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Review 1: "Clinical Severity of Omicron Sub-lineage BA.2 Compared to BA.1 in South Africa"

Published onAug 02, 2022
Review 1: "Clinical Severity of Omicron Sub-lineage BA.2 Compared to BA.1 in South Africa"
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key-enterThis Pub is a Review of
Clinical severity of Omicron sub-lineage BA.2 compared to BA.1 in South Africa

ABSTRACTEarly data indicated that infection with Omicron BA.1 sub-lineage was associated with a lower risk of hospitalisation and severe illness, compared to Delta infection. Recently, the BA.2 sub-lineage has increased in many areas globally. We aimed to assess the severity of BA.2 infections compared to BA.1 in South Africa. We performed data linkages for (i) national COVID-19 case data, (ii) SARS-CoV-2 laboratory test data, and (iii) COVID-19 hospitalisations data, nationally. For cases identified using TaqPath COVID-19 PCR, infections were designated as S-gene target failure (SGTF, proxy for BA.1) or S-gene positive (proxy for BA.2). Disease severity was assessed using multivariable logistic regression models comparing individuals with S-gene positive infection to SGTF-infected individuals diagnosed between 1 December 2021 to 20 January 2022. From week 49 (starting 5 December 2021) through week 4 (ending 29 January 2022), the proportion of S-gene positive infections increased from 3% (931/31,271) to 80% (2,425/3,031). The odds of being admitted to hospital did not differ between individuals with S-gene positive (BA.2 proxy) infection compared to SGTF (BA.1 proxy) infection (adjusted odds ratio (aOR) 0.96, 95% confidence interval (CI) 0.85-1.09). Among hospitalised individuals, after controlling for factors associated with severe disease, the odds of severe disease did not differ for individuals with S-gene positive infection compared to SGTF infection (aOR 0.91, 95%CI 0.68-1.22). These data suggest that while BA.2 may have a competitive advantage over BA.1 in some settings, the clinical profile of illness remains similar.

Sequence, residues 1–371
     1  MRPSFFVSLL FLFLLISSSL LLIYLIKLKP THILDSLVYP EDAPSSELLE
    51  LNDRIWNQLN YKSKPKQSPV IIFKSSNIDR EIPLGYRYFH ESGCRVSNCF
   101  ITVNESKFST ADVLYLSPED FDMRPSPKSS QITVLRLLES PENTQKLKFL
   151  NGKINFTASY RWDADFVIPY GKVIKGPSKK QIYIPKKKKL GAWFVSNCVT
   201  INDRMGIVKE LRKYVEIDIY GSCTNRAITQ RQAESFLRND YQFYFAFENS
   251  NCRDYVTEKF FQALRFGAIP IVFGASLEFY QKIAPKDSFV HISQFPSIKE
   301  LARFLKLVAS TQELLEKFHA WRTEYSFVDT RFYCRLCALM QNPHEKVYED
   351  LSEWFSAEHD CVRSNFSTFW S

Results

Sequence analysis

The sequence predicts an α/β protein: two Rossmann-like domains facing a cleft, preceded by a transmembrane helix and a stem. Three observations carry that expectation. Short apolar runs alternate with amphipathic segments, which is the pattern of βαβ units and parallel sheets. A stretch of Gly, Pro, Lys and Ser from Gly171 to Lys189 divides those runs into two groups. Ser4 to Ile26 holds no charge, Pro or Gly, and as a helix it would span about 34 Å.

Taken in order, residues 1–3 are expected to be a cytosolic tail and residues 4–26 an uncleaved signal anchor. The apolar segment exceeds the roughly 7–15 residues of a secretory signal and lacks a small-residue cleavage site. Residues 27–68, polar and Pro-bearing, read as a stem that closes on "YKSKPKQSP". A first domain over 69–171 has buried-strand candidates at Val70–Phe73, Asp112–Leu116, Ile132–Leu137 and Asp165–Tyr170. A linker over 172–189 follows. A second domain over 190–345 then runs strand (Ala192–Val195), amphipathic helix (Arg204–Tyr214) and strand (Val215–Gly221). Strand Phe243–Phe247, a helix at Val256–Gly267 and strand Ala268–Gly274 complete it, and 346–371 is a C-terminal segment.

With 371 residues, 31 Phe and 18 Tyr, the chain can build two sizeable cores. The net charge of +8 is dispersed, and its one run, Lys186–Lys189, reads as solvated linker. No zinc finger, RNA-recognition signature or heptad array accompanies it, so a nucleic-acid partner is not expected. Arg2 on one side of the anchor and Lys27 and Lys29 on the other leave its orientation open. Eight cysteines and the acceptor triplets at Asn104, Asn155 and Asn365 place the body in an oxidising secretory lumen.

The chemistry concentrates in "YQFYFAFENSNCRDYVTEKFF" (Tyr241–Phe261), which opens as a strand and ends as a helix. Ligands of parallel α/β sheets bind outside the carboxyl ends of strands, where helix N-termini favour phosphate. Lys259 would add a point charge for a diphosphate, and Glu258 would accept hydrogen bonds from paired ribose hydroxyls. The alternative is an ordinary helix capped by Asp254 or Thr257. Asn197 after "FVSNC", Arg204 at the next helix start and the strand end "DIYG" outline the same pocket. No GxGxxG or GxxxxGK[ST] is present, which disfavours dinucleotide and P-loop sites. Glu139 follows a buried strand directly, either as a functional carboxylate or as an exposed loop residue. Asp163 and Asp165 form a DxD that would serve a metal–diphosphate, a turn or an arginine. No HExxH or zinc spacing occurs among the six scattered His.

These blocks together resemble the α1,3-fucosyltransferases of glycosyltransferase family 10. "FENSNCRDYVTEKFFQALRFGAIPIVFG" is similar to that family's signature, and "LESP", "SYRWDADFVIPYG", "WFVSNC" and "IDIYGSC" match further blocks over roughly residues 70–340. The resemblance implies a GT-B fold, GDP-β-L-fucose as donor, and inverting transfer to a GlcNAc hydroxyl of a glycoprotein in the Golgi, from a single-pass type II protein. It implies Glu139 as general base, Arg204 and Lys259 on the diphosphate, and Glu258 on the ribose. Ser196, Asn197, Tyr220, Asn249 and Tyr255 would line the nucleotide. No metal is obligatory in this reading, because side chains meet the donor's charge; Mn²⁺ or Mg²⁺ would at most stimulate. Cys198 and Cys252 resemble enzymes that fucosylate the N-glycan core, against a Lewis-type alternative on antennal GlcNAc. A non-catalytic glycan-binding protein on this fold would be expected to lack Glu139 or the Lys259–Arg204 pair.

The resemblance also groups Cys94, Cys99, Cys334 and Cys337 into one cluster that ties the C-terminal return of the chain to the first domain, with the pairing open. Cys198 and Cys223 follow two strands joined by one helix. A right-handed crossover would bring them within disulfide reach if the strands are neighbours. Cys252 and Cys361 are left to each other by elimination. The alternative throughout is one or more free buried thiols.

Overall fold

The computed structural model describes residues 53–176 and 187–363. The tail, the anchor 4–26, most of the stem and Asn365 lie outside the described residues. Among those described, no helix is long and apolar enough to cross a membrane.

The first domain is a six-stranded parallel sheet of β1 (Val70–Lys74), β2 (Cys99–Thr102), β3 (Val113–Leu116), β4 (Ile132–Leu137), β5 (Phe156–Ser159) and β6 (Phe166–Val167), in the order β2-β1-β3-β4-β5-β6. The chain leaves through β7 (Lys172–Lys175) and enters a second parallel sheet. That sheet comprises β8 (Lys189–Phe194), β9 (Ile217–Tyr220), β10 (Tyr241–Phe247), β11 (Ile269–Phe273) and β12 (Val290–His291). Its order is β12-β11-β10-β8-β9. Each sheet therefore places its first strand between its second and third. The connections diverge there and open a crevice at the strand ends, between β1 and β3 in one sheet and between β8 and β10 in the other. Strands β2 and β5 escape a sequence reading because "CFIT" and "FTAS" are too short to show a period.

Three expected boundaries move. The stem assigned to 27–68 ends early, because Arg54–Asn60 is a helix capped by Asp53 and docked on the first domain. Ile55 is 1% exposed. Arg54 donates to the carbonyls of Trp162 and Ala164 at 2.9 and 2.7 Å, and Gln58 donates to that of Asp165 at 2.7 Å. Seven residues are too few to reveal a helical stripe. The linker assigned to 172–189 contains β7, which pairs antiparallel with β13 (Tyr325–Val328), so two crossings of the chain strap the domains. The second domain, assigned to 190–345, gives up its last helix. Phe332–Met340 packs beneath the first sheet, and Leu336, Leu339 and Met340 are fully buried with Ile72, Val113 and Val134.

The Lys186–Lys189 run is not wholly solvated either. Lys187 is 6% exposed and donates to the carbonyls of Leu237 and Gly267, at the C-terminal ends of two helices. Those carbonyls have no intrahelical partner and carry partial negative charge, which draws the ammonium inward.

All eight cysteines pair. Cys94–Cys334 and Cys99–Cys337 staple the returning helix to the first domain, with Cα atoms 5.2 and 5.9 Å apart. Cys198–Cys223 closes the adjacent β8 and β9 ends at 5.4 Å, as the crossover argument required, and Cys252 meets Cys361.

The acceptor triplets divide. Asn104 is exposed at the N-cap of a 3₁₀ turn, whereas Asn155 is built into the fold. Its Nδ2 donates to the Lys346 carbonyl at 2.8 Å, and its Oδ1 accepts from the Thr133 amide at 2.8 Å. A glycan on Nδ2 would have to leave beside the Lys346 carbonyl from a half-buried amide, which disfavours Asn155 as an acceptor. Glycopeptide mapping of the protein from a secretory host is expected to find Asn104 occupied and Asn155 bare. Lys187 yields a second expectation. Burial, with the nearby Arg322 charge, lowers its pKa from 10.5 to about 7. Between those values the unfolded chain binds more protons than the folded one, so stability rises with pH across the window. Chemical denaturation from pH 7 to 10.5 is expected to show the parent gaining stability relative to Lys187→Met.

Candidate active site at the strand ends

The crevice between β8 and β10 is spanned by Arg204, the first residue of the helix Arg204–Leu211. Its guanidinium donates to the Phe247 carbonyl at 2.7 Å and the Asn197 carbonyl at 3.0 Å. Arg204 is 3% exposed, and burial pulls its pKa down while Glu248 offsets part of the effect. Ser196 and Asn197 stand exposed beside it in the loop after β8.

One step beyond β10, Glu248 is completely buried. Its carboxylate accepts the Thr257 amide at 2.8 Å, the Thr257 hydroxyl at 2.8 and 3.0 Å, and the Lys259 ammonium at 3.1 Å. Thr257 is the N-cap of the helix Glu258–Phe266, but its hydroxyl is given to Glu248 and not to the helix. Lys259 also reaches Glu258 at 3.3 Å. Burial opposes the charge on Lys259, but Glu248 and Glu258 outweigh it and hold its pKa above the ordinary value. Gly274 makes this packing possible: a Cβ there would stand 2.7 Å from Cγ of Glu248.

RR:C19 Evidence Scale rating by reviewer:

  • Reliable. The main study claims are generally justified by its methods and data. The results and conclusions are likely to be similar to the hypothetical ideal study. There are some minor caveats or limitations, but they would/do not change the major claims of the study. The study provides sufficient strength of evidence on its own that its main claims should be considered actionable, with some room for future revision.



The information in this manuscript is reliable. The authors compare the risk of disease severity between two omicron strains BA.1 and BA.2 using population level and individual data in the DATCOV database linked with the presence or absence of the S-Gene to serve as a proxy for BA.1 and BA.2. They use multivariable logistic regression models to help assess and control for risk factors known to impact severity of disease. Despite controlling for prior infection, vaccination status among the hospitalized, and across demographics such as age and sex, they found similar odds of hospitalization and severe disease between BA.1 and BA.2. Supporting the idea that though BA.2 may be more transmissible it is not shown to be linked to higher disease severity.

The limitations of this study are reasonable, if we assume that the DATCOV dataset (which was accessed to help determine disease severity and hospitalizations) distinguishes between incidental and attributable admissions for SARS-CoV-2. The authors mention that they only had individual data on vaccinations among those hospitalized (self-report) and so the odds of hospitalization did not take vaccination status into account for the total positive population. Vaccination status is likely to impact the risk of hospitalization and if an increase in vaccination occurred in response to the start of the omicron wave it’s possible that individuals exposed to BA.2 were more likely to have been previously vaccinated than BA.1, which could potentially skew the results. Vaccination status is included in the model assessing disease severity among those hospitalized and was shown to be associated with lower disease severity in general but did not impact the odds of severe disease between the two groups.

Overall, it is an efficient and well-done assessment of odds of severe disease and hospitalization between two different viral strains and answers an important question about the current circulating strain.

Since our solicitation of reviews, an updated version of this preprint has been published in The Lancet journal and the link to the published manuscript can be found here.

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